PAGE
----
Rules for Building a House


Building your own custom home is an enormous undertaking. It requires tremendous resources, organization, and focus. It's a project that should only be considered by those with an overwhelming passion for the project.

Know the Rules

  • Think carefully about why you want to build your own home. Are there legitimate reasons why an existing house is out of the question for you? When do you need to move in to your new home? Can you wait as much as a year to do so? Do you have the necessary understanding or experience to build a home or oversee its construction?

Determine Financing

  • Financing an unbuilt home can be complex. You will be asking a financial institution to loan you money without a collateral asset. Research this topic at length with a focus on specific local regulations regarding loans.

Research Your Home Site

  • It's simple to buy land. It's much harder to buy suitable land. Determine if land in the area is stable and determine whether it is in a flood plan or subject to any annual problems. Annual issues could include anything from migrating geese to locusts to trespassing hunters, or tourists. Talk to people who live in the area to find out the truth about living there.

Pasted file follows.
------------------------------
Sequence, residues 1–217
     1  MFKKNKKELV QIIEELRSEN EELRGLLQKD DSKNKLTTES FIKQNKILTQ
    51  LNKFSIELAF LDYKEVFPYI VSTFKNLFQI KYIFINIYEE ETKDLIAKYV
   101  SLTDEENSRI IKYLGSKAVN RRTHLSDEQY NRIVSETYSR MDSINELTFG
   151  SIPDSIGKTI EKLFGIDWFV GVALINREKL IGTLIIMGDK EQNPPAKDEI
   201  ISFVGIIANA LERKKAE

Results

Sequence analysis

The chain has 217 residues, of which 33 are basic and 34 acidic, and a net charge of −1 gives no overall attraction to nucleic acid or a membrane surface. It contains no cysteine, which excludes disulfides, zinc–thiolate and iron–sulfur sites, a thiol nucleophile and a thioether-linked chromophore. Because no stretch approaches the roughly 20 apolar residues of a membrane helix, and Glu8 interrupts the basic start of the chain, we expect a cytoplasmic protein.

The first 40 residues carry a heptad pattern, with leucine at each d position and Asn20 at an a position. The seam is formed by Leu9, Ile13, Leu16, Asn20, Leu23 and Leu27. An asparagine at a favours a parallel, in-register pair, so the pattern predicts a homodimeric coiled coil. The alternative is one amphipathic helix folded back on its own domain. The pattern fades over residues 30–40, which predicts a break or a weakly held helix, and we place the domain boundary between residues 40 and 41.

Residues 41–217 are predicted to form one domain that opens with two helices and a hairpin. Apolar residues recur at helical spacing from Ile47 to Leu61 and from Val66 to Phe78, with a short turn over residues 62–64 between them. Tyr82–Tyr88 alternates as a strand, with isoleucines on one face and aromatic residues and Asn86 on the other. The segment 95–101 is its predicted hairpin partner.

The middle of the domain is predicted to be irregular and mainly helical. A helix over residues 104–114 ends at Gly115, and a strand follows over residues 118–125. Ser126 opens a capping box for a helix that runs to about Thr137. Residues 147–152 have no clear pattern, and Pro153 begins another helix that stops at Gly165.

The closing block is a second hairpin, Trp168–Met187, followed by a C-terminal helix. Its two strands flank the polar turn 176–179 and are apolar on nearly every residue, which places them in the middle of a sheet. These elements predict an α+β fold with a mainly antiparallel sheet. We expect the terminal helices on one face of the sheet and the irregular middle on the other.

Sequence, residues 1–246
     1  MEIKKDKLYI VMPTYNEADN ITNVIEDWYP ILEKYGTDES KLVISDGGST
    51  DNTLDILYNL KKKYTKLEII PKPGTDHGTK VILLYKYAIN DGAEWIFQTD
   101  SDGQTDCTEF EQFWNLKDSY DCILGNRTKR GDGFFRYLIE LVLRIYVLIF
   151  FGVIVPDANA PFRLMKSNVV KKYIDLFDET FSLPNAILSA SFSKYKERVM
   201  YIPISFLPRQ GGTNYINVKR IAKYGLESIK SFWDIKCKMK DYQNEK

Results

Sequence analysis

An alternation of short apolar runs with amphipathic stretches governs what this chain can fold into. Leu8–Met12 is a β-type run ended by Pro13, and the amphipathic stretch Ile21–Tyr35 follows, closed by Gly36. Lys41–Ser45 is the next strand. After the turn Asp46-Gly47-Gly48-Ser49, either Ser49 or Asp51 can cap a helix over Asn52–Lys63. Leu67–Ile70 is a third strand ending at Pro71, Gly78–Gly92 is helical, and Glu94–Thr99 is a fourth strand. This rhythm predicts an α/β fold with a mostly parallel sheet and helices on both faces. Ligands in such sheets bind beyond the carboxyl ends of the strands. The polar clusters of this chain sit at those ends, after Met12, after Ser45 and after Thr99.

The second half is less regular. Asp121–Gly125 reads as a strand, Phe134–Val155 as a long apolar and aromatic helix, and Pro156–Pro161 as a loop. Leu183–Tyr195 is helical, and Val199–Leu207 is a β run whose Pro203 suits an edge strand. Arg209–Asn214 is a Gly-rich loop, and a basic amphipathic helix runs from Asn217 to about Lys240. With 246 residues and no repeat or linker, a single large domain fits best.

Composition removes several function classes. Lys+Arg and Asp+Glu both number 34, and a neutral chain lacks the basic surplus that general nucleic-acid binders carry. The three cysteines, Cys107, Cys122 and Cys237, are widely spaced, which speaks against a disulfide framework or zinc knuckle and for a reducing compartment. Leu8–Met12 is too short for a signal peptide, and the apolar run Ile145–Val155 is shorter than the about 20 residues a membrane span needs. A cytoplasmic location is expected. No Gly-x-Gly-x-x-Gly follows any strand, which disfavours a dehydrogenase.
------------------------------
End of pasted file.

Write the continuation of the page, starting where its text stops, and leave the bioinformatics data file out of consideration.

Building Codes

  • If you are building your custom home because you plan to include special features, make sure those features are allowed by local building codes. For instance, in Sante Fe, New Mexico, water restrictions are so tight that you would not be able to have a lush garden or an uncovered swimming pool. Other areas have restrictions based on wildlife preservation, proximity to schools or hospitals, or fire safety requirements. If a building is built against codes many communities have the right to tear down your structure.

Murphy's Law

  • Anyone who has ever remodeled a home can tell you that something inevitably goes wrong. Building a new home involves dozens of projects and contractors. It also involves Mother Nature. A home's construction can be delayed for weeks or months by bad weather. Mother Nature can also destroy half-built homes that have none of the protections of a completed house. Your budget and timeline should be extremely conservative. Leave room for problems. Even the best planner cannot control the weather.

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